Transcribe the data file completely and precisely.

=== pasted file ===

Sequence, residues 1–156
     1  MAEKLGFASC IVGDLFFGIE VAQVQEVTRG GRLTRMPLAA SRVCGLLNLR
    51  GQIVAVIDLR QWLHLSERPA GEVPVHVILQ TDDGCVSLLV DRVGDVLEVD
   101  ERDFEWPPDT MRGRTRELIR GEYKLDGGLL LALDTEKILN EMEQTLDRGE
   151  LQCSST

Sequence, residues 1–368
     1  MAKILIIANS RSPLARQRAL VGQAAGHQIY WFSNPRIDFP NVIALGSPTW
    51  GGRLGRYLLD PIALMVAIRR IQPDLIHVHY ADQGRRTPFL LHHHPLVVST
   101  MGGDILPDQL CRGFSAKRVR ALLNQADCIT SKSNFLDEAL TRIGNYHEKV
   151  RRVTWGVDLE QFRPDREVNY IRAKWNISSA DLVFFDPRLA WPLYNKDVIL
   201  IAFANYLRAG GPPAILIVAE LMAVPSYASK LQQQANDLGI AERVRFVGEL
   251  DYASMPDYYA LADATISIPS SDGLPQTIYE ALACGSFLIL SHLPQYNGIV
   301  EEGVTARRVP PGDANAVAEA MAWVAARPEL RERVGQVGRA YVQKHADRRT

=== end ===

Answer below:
Sequence, residues 1–156
     1  MAEKLGFASC IVGDLFFGIE VAQVQEVTRG GRLTRMPLAA SRVCGLLNLR
    51  GQIVAVIDLR QWLHLSERPA GEVPVHVILQ TDDGCVSLLV DRVGDVLEVD
   101  ERDFEWPPDT MRGRTRELIR GEYKLDGGLL LALDTEKILN EMEQTLDRGE
   151  LQCSST

Sequence, residues 1–368
     1  MAKILIIANS RSPLARQRAL VGQAAGHQIY WFSNPRIDFP NVIALGSPTW
    51  GGRLGRYLLD PIALMVAIRR IQPDLIHVHY ADQGRRTPFL LHHHPLVVST
   101  MGGDILPDQL CRGFSAKRVR ALLNQADCIT SKSNFLDEAL TRIGNYHEKV
   151  RRVTWGVDLE QFRPDREVNY IRAKWNISSA DLVFFDPRLA WPLYNKDVIL
   201  IAFANYLRAG GPPAILIVAE LMAVPSYASK LQQQANDLGI AERVRFVGEL
   251  DYASMPDYYA LADATISIPS SDGLPQTIYE ALACGSFLIL SHLPQYNGIV
   301  EEGVTARRVP PGDANAVAEA MAWVAARPEL RERVGQVGRA YVQKHADRRT